Replying on behalf of the Government, the Lord President of the Council and Leader of the House of Commons, Sir Geoffrey Howe, responded in turn to the various matters raised by Members, ending with the matter of Conductive Education and the major political changes then under way in Central and Eastern Europe at that time –
My hon. Friend the Member for Gedling (Mr. Mitchell), in an eloquent plea, described the importance and impact of the Peto Institute and the work that has been done by it in Hungary. My wife and I, since our visits, have taken a close interest in the institute, and, by good fortune, one of my former private secretaries recently came back from a stint as ambassador there. The institute is not often absent from our minds. I had the opportunity to talk to the Hungarian Prime Minister about it last week and to give him an advance intimation of the substantial amount of money that has been made available and to which my hon. Friend referred. We regard it as an important institute, and we regard its impact in this country as of great value.
I noticed my hon. Friend's particularly eloquent plea for his constituent Miss Rogers. We certainly admire the way in which her family have done what they have to keep her at the institute. I shall certainly do what I can to draw my hon. Friend's plea to the attention of the Nottinghamshire education authority, but I cannot give an undertaking beyond that.
It was encouraging that my hon. Friend's speech should have been the last that we heard on the events in eastern Europe, because it was made on a hopeful note. It was striking that many hon. Members spoke about the entire sequence of events taking place in eastern Europe, and I was grateful to the hon. Member for Roxburgh and Berwickshire for the tribute he paid to the comments of my hon. Friend the Member for Battersea (Mr. Bowis), who, in a speech of the utmost brevity, dealt with all the key points about eastern Europe. We share his delight at the historic developments taking place there. We want to see the countries of eastern Europe joining the democratic mainstream. We applaud the courage of the new Polish Government in tackling radical economic reform. We are delighted that the longer process of reform in Hungary has culminated in the first free election in eastern Europe for more than 40 years.
We agree with my hon. Friend that progress in the future needs to be gradual and step by step. We welcome the first signs of liberalisation in Czechoslovakia, the German Democratic Republic and Bulgaria, and we are keen to help in whatever ways we can to build up democratic societies and market place economies in those countries.
This is what makes so much the more tragic what has been happening in Romania. My hon. Friend the Member for Isle of Wight, the hon. Members for Walsall, North and for Meirionnydd Nant Conwy and my hon. Friend the Member for Battersea all expressed their views about that. We condemn in the strongest terms the attitude of a regime which, turning its back on all the commitments concerning human rights to which it subscribed under the Conference on Security and Co-operation in Europe framework, is apparently capable of repressing only by force the legitimate aspirations to freedom of the Romanian people. That view was also expressed on Monday in the European Community in Brussels, and we shall hear it echoed in the debate later tonight in which I hope that my hon. Friend the Member for Bristol, West (Mr. Waldegrave), the Minister of State, will have a chance to take part.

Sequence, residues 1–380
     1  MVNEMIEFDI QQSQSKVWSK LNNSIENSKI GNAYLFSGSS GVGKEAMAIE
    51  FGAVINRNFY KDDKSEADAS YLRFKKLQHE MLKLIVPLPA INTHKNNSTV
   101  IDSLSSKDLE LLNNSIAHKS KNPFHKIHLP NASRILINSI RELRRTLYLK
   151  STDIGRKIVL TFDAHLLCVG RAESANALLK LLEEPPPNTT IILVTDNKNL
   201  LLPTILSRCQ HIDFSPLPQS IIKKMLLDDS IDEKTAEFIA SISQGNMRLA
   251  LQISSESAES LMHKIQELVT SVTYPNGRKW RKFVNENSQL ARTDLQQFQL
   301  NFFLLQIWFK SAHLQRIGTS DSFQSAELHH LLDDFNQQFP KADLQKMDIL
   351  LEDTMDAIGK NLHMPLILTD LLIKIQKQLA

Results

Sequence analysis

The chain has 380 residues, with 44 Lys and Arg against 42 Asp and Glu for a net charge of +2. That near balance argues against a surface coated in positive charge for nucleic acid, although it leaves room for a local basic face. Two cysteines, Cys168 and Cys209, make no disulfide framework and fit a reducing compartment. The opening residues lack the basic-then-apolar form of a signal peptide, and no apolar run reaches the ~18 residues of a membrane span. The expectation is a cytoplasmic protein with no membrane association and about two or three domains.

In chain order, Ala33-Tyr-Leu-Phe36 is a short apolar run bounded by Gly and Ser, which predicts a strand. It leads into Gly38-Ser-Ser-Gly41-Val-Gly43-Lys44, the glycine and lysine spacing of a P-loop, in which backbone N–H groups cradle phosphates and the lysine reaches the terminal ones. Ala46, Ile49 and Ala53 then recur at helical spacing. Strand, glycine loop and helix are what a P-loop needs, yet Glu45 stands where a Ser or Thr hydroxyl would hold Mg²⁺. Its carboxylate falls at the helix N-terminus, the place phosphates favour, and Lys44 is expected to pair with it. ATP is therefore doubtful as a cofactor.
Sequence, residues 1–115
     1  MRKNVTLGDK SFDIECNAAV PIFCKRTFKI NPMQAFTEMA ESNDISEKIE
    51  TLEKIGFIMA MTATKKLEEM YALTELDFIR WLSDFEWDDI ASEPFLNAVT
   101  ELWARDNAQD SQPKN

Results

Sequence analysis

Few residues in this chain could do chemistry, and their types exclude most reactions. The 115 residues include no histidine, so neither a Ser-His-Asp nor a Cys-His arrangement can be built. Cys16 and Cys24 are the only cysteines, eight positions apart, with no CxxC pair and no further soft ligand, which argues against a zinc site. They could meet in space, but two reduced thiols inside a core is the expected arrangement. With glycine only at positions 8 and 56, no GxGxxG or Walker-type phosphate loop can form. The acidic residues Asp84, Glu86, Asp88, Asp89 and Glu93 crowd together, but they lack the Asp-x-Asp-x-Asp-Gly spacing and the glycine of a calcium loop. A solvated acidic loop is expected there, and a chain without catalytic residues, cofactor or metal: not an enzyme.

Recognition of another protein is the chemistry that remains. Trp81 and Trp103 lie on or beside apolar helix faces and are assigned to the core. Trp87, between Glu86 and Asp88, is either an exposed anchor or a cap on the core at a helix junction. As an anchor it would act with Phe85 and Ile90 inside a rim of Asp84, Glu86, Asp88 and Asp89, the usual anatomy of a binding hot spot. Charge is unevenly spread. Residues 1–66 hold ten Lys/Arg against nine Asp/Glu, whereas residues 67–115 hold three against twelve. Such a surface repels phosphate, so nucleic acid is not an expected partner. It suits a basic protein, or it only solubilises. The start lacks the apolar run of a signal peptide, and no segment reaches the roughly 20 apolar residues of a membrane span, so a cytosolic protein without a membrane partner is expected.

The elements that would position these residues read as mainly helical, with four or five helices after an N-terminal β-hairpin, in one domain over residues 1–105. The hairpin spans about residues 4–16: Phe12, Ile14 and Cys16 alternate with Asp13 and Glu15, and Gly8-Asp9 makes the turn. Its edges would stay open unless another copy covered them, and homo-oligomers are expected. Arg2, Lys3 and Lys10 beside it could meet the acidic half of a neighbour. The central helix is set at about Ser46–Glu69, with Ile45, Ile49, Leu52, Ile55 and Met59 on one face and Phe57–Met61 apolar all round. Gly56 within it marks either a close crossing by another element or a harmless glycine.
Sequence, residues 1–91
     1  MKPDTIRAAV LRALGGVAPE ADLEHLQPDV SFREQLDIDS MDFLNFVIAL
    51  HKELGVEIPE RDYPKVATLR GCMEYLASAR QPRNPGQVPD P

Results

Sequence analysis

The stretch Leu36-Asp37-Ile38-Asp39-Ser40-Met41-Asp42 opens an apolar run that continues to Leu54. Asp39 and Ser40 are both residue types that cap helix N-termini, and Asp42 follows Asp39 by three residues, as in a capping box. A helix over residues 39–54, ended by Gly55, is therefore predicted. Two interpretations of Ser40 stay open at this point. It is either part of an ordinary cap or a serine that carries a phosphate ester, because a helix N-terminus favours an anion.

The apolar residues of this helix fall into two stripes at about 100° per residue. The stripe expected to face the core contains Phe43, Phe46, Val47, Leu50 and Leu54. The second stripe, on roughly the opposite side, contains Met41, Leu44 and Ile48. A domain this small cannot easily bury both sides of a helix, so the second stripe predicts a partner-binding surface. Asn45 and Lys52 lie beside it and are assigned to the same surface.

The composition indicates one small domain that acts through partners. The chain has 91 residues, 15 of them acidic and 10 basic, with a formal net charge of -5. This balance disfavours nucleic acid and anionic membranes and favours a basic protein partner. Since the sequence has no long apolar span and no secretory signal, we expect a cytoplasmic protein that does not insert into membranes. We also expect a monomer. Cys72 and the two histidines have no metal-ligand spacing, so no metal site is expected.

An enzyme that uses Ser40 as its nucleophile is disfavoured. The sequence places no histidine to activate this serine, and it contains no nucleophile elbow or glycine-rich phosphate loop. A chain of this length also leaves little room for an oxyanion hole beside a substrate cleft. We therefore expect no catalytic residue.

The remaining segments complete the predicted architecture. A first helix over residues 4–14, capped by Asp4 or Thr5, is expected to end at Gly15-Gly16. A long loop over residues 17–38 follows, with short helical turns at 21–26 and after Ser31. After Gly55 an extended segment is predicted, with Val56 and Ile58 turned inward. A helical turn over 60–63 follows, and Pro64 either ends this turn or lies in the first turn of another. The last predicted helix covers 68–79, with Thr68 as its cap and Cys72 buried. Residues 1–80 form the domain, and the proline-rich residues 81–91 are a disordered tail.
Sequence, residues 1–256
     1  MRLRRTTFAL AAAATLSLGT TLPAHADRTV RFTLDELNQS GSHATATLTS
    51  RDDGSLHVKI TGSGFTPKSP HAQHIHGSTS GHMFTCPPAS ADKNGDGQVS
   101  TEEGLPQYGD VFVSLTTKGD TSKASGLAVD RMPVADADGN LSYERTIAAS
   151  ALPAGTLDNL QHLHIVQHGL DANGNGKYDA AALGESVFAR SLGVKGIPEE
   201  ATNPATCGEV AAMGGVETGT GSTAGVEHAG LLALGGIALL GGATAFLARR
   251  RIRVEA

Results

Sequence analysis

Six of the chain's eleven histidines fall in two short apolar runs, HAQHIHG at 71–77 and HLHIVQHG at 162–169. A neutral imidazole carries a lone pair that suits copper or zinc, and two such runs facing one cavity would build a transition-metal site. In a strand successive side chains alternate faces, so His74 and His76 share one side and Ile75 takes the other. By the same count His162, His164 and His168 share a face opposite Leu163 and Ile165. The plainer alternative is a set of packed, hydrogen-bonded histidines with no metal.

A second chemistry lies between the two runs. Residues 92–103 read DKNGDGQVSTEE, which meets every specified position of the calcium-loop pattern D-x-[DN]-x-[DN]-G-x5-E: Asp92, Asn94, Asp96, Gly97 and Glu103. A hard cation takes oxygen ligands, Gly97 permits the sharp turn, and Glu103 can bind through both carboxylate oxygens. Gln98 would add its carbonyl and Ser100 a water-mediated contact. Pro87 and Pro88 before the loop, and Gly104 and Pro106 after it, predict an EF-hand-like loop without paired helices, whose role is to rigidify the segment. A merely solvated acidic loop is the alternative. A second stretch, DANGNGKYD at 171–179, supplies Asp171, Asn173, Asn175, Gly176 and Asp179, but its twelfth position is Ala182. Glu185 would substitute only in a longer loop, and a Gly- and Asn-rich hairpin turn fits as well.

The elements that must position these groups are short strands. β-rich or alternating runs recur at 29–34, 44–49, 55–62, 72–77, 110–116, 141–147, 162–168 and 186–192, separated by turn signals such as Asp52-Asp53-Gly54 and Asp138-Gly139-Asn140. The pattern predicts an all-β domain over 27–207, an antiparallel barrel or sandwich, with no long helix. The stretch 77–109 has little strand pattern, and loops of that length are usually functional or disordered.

Question put and agreed to.
Resolved, That this House at its rising on Thursday 21st December do adjourn until Monday 8th January.
Then and now

Those days in the United Kingdom there was a lot of Parliamentary action relating to Conductive Education. I used to display transcripts of this from Hansard on a notice board at work. I recall Tünde Rózsahegyi's coming to me one day, having resd one of these extracts and saying in a very puzzled voice –
Andrew, in your Parlement, do those people really speak like this?

Er, yes, Tünde, they do, I assured her. They still do. And they still talk about the same bread-and-butter matters as they did twenty-odd years ago, without that wisdom of hindsight with which we can now look back with on what was said in 1989.

But they no longer take personal interest in Conductive Education. None of them appears to struggle to grasp something of its essence as so many of them once did Yes, these may have been imperfect understandings in some respect but still better in many cases than understandings current in the relevant professional services. (I except here the probable understandings of the Minister in the present Coalition Government who has been taking his child regularly to the Peto Institute in Budapest – but has kept his head well down with respect to Conductive Education at home in England.) Indeed, Conductive Eduction has slid right off the Parliamentary agenda.

I sometimes run into Frank, father of Sebastian Clarke but, excepting Tünde, I have no further contacts with any other protagonists mentioned above. Meeting Frank is a glimpse into another world


– (1989) Adjournment (Christmas): That this House at its rising on Thursday 21st December do adjourn until Monday 8th January, Hansard, vol. 164, 20 December cc. 394-436